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Growing problem? Colombia set to translocate late drug lord Pablo Escobar’s hippos to India, Mexico

Once required permits are granted, the Colombian government will translocate 70 of the animals — 60 to a rehabilitation centre in Gujarat, and 10 to a sanctuary in Mexico.

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New Delhi: Former drug lord Pablo Escobar continues to create trouble for the Colombian government even three decades after his death, this time in the form of hippos he brought in for his private zoo in the late 1970s. The mammals have since steadily grown in number, so much so, that the government plans to transport some to India and Mexico to put a check on their population.

According to reports, Colombian government has even declared them an invasive species as they threaten the country’s natural ecosystems, biodiversity and human safety. An invasive species is one that is introduced to an environment and then goes on to overpopulate it, harming its new environment in the process.

Escobar acquired four hippos, reportedly from Africa or the US, to join the elephants, giraffes and antelopes on his Hacienda Nápoles estate in western Colombia, according to The Washington Post.

When he surrendered to authorities in 1991, the government seized his estate, but allowed the animals to roam free, according to the report.

After his death in 1993, authorities relocated most of the other animals, but the hippos which were too difficult to capture and transport remained.

The initial one male, three female population of hippos has now grown to stand between 130 and 160, forcing the government to intervene. According to a local governor, they plan to fly dozens of the mammals — called ‘Cocaine hippos’ because the first four belonged to Escobar — to India and Mexico in an attempt to curb their population.

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Cause of concern

According to reports, the herbivores that have now settled into the Magdalena River, have become a cause of concern among scientists as they devour plant life, crowd out native animals, pollute soil and water, and threaten safety of human life.

Scientists have predicted that the hippos could displace endangered species that are native to the Magdalena River, such as the Antillean manatee, by “outcompeting them” for food and space.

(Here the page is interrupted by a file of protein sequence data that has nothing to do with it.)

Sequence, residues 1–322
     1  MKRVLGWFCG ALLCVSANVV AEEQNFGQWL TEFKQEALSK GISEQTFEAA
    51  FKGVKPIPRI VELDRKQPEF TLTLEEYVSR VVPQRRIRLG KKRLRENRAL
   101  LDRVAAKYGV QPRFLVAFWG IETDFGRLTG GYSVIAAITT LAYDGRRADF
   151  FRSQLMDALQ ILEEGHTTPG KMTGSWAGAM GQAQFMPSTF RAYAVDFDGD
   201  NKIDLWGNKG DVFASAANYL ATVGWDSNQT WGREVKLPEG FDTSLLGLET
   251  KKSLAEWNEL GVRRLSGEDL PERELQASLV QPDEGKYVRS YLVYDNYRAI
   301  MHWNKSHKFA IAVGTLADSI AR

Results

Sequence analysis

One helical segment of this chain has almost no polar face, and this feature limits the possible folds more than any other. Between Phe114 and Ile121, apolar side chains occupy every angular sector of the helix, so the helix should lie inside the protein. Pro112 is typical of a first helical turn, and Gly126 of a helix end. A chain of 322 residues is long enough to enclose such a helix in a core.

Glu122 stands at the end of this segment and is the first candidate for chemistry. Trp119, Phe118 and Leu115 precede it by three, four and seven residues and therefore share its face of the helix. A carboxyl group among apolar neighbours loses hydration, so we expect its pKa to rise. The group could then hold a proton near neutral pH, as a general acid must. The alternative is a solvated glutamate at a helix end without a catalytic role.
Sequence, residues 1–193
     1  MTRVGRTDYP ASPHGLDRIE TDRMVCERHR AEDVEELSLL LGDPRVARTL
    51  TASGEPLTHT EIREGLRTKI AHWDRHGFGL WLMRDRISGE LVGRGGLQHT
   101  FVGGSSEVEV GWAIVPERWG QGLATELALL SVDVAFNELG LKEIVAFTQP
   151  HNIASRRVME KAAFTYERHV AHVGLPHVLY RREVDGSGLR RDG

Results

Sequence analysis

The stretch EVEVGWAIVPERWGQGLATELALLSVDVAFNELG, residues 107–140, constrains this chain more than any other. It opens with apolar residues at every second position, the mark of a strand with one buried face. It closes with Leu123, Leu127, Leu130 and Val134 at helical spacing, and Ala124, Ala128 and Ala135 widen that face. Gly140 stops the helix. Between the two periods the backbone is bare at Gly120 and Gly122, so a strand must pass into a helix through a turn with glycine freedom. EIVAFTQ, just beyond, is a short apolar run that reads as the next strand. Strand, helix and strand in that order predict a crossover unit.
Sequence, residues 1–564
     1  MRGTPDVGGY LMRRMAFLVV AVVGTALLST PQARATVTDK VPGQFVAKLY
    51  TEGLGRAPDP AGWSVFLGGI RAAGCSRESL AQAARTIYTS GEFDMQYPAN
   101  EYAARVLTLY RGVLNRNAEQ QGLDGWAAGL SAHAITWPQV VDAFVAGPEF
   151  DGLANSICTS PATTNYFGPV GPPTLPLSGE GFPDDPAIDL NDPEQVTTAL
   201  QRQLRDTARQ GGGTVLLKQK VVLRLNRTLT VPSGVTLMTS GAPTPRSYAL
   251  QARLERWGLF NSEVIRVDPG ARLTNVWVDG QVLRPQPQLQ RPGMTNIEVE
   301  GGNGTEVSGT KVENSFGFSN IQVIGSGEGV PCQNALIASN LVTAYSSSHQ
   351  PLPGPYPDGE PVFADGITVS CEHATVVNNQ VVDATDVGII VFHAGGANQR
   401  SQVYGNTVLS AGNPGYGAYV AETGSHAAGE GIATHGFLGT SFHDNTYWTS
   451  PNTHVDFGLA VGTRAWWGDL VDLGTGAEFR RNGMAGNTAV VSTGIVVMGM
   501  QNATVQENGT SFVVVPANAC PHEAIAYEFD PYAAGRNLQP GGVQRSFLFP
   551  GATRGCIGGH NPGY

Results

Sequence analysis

They have also cautioned that traffic accidents and attacks on people by hippos will become increasingly common and the trend of wildlife traffickers illegally selling baby hippos could intensify.

Meanwhile, castration efforts have proved to be of limited success. The process is complex and the mammals are reproducing at a faster pace than their individual sterilisation, according to The Washington Post report.

Last year, Cornare, an environmental agency, used a chemical contraceptive applied by a dart rifle on male and female hippos and administered it to 38 of them, but they cannot now identify which of the animals have received the shots. Paint, collars, and even satellite markers have stood no chance with the hippos which seem to be taking them all off, said The Washington Post report.

The big relocation

A total of 70 hippos, a mix of males and females, are expected to be moved, with 60 coming to India’s Greens Zoological, Rescue and Rehabilitation Centre in Gujarat, and 10 to the Ostok Animal Protection & Sanctuary in Mexico.

The process is known as ‘translocating’ as the animals will be moved from a country that was not their native habitat to another that is also not their natural habitat.

In an interview with Colombian outlet Blu Radio, local governor Aníbal Gaviria explained that the goal was to take them to countries which have the capacity to receive them, home them properly, and control their reproduction.

Sending the hippos back to their native land of Africa was “not allowed,” Gaviria said. But this project has run up a hefty bill. Authorities intend on chartering cargo planes, capable of carrying 20 to 30 hippos, from the Belarusian company Rada Airlines. A flight to Mexico could cost $4,00,000, and to India, will be $9,00,000, The Washington Post reported.

Each hippo is to be contained in a special wooden crate that could cost up to $10,000. Maintaining an individual costs roughly $2,500 per month, according to the report.

The government is expecting the translocation to be completed by the first half of this year if the required permits are expedited this year, especially from the Colombian Agricultural Institute.

(Edited by Smriti Sinha)

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